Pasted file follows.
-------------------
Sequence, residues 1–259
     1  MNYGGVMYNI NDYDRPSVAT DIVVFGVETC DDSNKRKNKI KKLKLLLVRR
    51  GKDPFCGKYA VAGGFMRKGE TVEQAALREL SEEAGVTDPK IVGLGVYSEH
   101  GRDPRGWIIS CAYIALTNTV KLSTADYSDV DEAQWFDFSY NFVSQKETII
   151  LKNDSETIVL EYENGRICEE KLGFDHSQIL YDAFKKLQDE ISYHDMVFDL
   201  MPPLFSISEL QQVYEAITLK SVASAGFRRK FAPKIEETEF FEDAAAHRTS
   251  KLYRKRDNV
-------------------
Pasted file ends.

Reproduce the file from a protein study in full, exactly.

Sequence, residues 1–259
     1  MNYGGVMYNI NDYDRPSVAT DIVVFGVETC DDSNKRKNKI KKLKLLLVRR
    51  GKDPFCGKYA VAGGFMRKGE TVEQAALREL SEEAGVTDPK IVGLGVYSEH
   101  GRDPRGWIIS CAYIALTNTV KLSTADYSDV DEAQWFDFSY NFVSQKETII
   151  LKNDSETIVL EYENGRICEE KLGFDHSQIL YDAFKKLQDE ISYHDMVFDL
   201  MPPLFSISEL QQVYEAITLK SVASAGFRRK FAPKIEETEF FEDAAAHRTS
   251  KLYRKRDNV